Converting the Loan Guarantee Program to a Clean Energy Bank
Since the 2009 ARRA modifications to the 2005 Energy Policy Act’s Title XVII Innovative Technology Loan Guarantee Program (LGP), many in the renewable energy community have been pushing to convert the program to a Clean Energy Bank, which would be funded once and be able to sustain new loans over time by re-lending the repaid funds. Infrastructure banks do make sense, and the concept has a strong champion in Senate Energy Chairman Jeff Bingaman (D-N.M.). The price tag, however, remains a problem. At $9-10 billion in start-up funding this initiative received no serious consideration beyond the Senate Energy Committee in 2010 and the crowded calendar between now and the end of 2011 provides no hope, in our view, even if the Senate Energy Committee moved it again. It is an idea that resonates with many, but financing it in the current budget environment looks impossible.
In terms of the LGP’s most prominent black eye – Solyndra’s Chapter 11 bankruptcy filing – we’d make a couple of observations. This manufacturing facility was one of the earliest projects ever submitted under Title XVII, and predated the 2009 ARRA funding expansion. The LGP has always assumed some projects would fail – this underpins the higher credit subsidy costs that many applicants complained about – and Solyndra may merely prove that no program bats 1.000%. Setting Solyndra aside, the LGP has many other solar projects in the queue that are not manufacturing but project loans. Will First Solar, Suntech and BrightSource prove to be the successes that validate that the program works?
Will these LGP projects lead to the subsequent rounds of growth and financing through the public markets? We certainly think they can, but the projects are just now moving forward. The successes may only be measurable a few years from now. That timeline doesn’t help justify moving forward with an expensive program now.
Looking Ahead – Are There Other Options?
The Deficit Supercommittee may well recommend that Congress undertake broad tax reform. We’re not expecting that serious work could be consummated prior to the 2012 elections and look ahead for this issue to come back up in 2013. What might that mean for this space?
If the LGP goes into maintenance mode (no new additional funding given budget constraints) and a Clean Energy Bank never materializes (for the same reason), and extending the Sec. 1603 program looks untenable, what might Congress consider instead?
There are a few ideas out there. One is to extend master limited partnership (MLP) treatment to renewable energy projects. This idea was included in the Bipartisan Policy Commission’s spring review of options to foster alternative energy projects. The Congressional Research Service published a June report that specifically explored MLPs as an option as the Sec. 1603 winds down.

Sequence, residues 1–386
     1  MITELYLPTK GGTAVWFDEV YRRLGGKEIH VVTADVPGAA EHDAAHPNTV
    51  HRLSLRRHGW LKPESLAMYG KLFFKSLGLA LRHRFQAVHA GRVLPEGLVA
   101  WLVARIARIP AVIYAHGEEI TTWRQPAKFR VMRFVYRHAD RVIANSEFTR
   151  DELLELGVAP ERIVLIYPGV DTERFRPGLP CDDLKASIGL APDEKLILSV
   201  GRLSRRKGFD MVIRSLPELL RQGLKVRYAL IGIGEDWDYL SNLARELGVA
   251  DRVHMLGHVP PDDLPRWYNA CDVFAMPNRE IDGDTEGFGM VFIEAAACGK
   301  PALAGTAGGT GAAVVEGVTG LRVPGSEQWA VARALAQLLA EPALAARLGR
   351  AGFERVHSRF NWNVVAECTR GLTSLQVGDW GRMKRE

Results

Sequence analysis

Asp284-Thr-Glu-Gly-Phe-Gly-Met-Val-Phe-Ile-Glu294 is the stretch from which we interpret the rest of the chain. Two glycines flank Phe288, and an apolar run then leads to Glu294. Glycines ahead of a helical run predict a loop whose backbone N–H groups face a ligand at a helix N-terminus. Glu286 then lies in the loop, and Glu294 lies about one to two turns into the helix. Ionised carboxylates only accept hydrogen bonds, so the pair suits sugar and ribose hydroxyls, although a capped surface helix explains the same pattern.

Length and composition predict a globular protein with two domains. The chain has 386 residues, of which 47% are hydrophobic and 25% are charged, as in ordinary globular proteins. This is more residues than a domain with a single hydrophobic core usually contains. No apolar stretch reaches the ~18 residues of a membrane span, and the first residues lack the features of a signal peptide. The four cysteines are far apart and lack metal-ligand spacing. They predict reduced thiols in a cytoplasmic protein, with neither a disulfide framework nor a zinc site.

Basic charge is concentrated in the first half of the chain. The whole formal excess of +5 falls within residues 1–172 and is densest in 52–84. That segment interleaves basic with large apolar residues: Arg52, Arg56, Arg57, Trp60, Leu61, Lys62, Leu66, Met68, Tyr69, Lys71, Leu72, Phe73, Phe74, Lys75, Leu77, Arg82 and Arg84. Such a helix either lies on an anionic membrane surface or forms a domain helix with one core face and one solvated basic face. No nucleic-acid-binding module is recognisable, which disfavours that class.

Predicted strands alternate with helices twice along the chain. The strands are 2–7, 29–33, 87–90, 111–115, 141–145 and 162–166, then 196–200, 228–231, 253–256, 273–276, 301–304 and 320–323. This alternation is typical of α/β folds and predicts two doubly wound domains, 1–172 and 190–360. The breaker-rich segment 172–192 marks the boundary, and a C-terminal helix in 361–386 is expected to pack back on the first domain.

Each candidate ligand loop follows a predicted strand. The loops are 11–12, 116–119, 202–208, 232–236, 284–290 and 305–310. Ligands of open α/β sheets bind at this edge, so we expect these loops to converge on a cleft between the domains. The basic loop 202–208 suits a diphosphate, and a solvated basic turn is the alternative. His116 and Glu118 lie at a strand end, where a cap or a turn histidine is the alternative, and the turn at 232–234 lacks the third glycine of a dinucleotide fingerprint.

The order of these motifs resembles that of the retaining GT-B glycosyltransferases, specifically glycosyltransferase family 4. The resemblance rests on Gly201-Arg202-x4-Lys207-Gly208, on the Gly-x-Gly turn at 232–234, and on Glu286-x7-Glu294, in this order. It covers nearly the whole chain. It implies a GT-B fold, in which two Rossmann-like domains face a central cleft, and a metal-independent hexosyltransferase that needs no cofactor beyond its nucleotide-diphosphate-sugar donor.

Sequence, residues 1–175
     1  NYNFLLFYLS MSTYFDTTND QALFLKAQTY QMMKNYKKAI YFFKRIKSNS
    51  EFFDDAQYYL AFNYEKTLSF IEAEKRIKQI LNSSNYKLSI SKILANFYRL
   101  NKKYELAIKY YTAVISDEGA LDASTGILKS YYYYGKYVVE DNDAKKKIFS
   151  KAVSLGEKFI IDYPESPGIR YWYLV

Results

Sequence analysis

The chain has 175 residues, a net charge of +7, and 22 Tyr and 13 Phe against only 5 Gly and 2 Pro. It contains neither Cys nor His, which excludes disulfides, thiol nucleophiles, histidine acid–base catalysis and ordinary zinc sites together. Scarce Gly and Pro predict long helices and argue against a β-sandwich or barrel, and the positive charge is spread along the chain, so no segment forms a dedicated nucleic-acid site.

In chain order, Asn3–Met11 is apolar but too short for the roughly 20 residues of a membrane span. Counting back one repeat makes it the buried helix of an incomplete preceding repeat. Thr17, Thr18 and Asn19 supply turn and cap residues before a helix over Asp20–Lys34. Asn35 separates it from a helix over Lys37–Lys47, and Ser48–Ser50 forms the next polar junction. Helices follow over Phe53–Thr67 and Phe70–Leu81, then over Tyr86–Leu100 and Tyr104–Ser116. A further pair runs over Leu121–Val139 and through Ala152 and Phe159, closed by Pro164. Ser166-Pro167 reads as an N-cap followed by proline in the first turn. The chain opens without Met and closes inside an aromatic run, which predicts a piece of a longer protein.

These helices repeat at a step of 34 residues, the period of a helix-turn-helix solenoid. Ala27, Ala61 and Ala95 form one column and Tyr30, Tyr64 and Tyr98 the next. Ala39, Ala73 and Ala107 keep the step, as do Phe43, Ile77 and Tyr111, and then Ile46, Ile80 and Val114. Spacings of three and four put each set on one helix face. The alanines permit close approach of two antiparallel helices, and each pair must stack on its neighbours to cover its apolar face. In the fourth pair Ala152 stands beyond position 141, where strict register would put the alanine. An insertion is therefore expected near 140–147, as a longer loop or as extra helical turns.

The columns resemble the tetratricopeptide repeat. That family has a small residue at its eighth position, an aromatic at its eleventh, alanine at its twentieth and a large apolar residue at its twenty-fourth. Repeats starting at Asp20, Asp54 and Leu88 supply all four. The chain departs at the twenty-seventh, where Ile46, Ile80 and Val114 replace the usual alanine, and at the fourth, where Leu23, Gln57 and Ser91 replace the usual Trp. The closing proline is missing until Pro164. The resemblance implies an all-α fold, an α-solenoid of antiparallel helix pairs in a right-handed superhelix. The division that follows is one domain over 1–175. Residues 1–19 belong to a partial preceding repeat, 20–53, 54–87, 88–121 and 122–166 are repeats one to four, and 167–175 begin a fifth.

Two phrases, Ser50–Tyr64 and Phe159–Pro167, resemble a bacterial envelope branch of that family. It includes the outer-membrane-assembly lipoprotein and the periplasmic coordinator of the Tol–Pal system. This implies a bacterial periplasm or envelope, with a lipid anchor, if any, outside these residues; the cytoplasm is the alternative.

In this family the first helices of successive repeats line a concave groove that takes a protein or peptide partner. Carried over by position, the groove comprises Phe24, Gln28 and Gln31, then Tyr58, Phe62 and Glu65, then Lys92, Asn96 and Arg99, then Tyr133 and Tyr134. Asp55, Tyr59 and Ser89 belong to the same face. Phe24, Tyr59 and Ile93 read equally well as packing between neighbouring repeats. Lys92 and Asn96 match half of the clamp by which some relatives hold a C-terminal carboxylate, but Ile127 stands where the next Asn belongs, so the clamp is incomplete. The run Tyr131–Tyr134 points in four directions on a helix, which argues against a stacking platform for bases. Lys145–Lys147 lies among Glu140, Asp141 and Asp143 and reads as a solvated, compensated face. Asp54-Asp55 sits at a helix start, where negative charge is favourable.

In some respects, this would make a great deal of sense, and could be seen as consistent with Congress’ recent moves to extend MLP treatment to pipelines that transport biofuels or carbon dioxide captured from utility and industrial power generators. But one must keep in mind that when it comes to broad tax reform, Democrats seem inclined to put partnerships under corporate tax obligations. Republicans seem less so, but that may also constrain how far Republicans could push a corporate tax rate down.
Another idea was floated by Republicans in the House this year. In “Roadmap for America’s Energy Future” (H.R. 909), Rep. David Nunes (R-Calif.) proposes to take the federal share of oil and natural gas royalties from drilling in new areas of the Outer Continental Shelf (OCS) and the Arctic National Wildlife Refuge (ANWR) and use them to fund a reverse auction for renewable power contracts. In this case, royalty revenues – yet to be received – would be dedicated to a new use. The approach uses the conventional energy sector as a funding source for clean energy development.
While we don’t expect this bill to move this year, this idea may be revived in the future – particularly as PTC/ITC programs get closer to their sunset dates. Democrats generally don’t like the idea of opening up the ANWR or more OCS, but the reverse auction concept intrigued political heavyweight Henry Waxman (D-Calif.) and was not fully rejected. Waxman is the ranking member of the House Energy & Commerce Committee, and his comments on the Nunes approach encourage some to believe there may be other ways to continue support for renewable energy going forward.
1The underlying bill on which this measure was attached failed to move in the House, and the provision has not been enacted.
This is not a complete analysis of every material fact regarding any company, industry or security. The opinions expressed here reflect our judgment at this date and are subject to change. The information has been obtained from sources we consider to be reliable, but we cannot guarantee accuracy.